In searching for the right word to describe the predominant color of this unlabelled op art tie, I settled on "mustard." That could actually cover two of the three colors; I've never seen a blue mustard. And speaking of mustard--my father collects mustards. At one point he had over 700 different kinds, but after a refigerator failure (one of his two dedicated mustard fridges) he had to get rid of a lot, so now he's down in the 200-300 range. He is a true aficionado, and has donated many jars of exotic mustard to the Mount Horeb Mustard Museum (possibly the only collection larger than his, with over 4,300 different mustards). Once or twice a year my parents have a mustard party; all the mustards come out of the fridges and are placed on trays around the house by category: plain mustards, Dijon mustards, herb mustards, fruit mustards, horseradish mustards, garlic mustards, hot pepper mustards, alcoholic mustards, etc., to be sampled on little pieces of bread with various meats and cheeses. It's always a great time, and is much anticipated by family and friends. So that should put my tie collecting into context: I can't help it, I inherited the Collecting Gene.

Wednesday, March 15, 2006


The mottled browns and greens in this Atelier Italseta tie suggest the corrosion of metal, which, like many natural processes, can be harnessed and directed to produce works of art. While the general design can be controlled, the random elements of the reaction produce amazing textures. I probably should have saved this tie for St. Patrick's Day, but that's two days away, and I can't think that far ahead, so I'll have to find something else.

Clouds and rainbows

This tie (of Dacron Polyester, but otherwise unattributed) full of psychedelic clouds also bears some resemblance to Peter Max's "Cosmic '60s" art, and what better shirt to wear a cloud tie with than a rainbow shirt? I don't have any more to add about Peter Max since yesterday, but the clouds remind me of one of the more interesting conspiracy theories I've heard in recent years. Do you remember the US Postal Service's lovely Cloudscapes stamps? Pretty innocuous, huh? Not so! Some of the clouds look exactly like man-made "Chemtrails," and the stamps were put out to condition us into thinking they are normal, and not to worry about the Chemtrails. What are Chemtrails? Some kind of "stuff" that the Powers That Be have been spraying into the atmosphere since 1998. What is it? There are lots of theories, which you can read at the Chemtrails Hall of Shame website. Now me, I'm trying to condition people into thinking that multicolored clouds are natural, and once that's accomplished then...but that would be telling.

Monday, March 13, 2006

Ice Ice Baby

(Or "Ice Ice Timmy," as they say on South Park.) The label on this necktie reads simply "Ice;" good luck tracking that down on Google. I am always pleasantly surprised at the tie selections in off-brand menswear stores such as K&G (where I got my Vernor Panton tie) and Men's Wearhouse. Somewhere out there people are making ties that completely ignore current fasion trends, which is great if you don't want to look like everyone else. I bought this one on Ebay, but it has the feel of a K&G tie, and maybe it was. The floral pattern brings to mind Peter Max's classic silkscreen style ("Cosmic '60s", he calls it), as opposed to his later "NeoMax" comeback style, which is not as exciting. A common misconception is that Peter Max animated the Beatles' Yellow Submarine, when in fact the responsible artist was Heinz Edelmann. Edelmann himself addresses that "common knowledge" in a Baltimore radio interview in 1993: "Well, I've heard rumors. But, you know, if one goes by the books about official history, there have been hundreds of creators of Submarine. And at that time a lot of animators also claim to have taken part in the production who did not within a thousand miles of the studio." Cartoonist Bill Plympton got the staight dope from Milton Glaser (another apparent influence on Peter Max): "I asked him about the whole Peter Max vs. Heinz Edelmann debate, and his version goes something like this: he was contacted by Al Brodax, the producer of Yellow Submarine, to design the film. He felt he was too busy to spend a year in London, and he recommended Mr. Edelmann (although he never met Heinz until that night at SVA). At the same time, Peter Max was a student intern-type at the famous Pushpin Studios [Glaser's graphic design firm--BV.], and was soon to become a famous new-age painter. When the film opened, Peter claimed to have influenced the design of the movie, when in fact he was influenced by Glazer and Edelmann - he's great at self-promotion, and now the whole country thinks Peter Max created Yellow Submarine." And his name is the first to come to mind when confronted with a "Cosmic '60s" design.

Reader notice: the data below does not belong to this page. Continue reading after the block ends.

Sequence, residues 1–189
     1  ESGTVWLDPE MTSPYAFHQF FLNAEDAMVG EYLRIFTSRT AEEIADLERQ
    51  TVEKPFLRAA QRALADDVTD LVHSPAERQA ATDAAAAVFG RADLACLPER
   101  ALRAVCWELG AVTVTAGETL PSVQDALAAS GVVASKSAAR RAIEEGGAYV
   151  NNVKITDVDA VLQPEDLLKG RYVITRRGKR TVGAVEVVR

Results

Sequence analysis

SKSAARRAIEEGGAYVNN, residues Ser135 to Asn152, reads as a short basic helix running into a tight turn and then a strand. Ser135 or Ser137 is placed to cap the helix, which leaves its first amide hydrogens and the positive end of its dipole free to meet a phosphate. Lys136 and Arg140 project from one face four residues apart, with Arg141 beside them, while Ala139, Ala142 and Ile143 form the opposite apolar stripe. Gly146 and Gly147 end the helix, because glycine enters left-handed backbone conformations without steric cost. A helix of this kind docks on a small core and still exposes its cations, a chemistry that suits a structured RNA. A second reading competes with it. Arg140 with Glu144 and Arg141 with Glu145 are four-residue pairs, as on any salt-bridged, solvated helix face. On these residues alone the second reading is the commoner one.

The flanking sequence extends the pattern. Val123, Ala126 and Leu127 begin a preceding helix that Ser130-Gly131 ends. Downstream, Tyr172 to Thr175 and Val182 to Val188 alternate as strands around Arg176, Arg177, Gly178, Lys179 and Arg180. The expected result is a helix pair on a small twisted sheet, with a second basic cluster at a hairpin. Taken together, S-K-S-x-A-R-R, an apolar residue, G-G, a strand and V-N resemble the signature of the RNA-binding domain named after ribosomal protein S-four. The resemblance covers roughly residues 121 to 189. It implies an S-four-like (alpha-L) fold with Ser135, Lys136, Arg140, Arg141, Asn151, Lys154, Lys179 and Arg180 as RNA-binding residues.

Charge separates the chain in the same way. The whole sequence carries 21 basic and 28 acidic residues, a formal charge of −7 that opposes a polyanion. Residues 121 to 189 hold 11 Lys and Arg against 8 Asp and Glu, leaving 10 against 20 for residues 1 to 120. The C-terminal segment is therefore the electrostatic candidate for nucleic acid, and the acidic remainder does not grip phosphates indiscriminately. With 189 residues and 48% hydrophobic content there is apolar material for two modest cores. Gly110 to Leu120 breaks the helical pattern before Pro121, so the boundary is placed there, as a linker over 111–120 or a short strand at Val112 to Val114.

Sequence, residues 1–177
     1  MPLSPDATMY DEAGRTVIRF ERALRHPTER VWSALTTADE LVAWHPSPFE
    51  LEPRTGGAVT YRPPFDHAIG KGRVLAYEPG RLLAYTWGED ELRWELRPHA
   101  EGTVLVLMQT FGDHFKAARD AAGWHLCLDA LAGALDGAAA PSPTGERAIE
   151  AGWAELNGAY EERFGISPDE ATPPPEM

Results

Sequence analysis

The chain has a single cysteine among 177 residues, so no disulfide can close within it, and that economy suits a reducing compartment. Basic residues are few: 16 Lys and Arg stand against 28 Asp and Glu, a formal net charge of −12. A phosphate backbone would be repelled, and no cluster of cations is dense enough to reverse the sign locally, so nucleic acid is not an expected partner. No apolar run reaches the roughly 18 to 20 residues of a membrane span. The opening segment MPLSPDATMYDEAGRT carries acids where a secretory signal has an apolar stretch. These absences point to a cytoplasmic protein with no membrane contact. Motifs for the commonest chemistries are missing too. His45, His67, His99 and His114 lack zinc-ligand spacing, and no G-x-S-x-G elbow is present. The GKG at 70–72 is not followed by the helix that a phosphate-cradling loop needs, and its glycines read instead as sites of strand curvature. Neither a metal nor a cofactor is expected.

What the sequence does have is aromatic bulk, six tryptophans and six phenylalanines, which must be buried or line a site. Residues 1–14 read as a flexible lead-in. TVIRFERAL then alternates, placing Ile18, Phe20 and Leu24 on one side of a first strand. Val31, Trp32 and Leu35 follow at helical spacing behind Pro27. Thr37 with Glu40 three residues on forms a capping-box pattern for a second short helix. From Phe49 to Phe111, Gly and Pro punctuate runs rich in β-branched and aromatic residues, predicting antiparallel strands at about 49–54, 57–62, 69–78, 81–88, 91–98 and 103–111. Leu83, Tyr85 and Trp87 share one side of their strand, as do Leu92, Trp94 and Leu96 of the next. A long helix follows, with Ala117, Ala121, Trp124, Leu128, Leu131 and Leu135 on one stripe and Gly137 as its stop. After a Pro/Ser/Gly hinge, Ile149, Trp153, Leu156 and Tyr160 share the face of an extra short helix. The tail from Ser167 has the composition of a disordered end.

In other news, Michael Segers of Knot a Blog has popped in to note that another tie blog has come online: check out Will's Vintage Ties at for a nice selection of vintage beauties from the '40s. In fact, Michael and Will have sparked my own interest in ties of that era, and I now have a few cool ones to display right here in the upcoming weeks. Hooray for neckties!

Friday, March 10, 2006

Bad pun alert

This tie is suitable for work, for a nice dinner out, or relaxing at a bar; it is indeed an all-porpoise tie. Ba-dum! Don't say I didn't warn you. Ouch! Stop hitting me! (And if you think I only bought this tie so I could make that joke, you'd be pretty much correct.) The tie is by French designer Jean Charles de Castelbajac, who designed Farrah Fawcett's Charlie's Angels outfits way back when (when she was Farrah Fawcett-Majors). I'd never heard of JC de Castelbajac until I got this tie, but he seems to be quite popular in England. His designs stand out more for their audacity than for their aesthetic qualities; I submit this necktie as a case in point.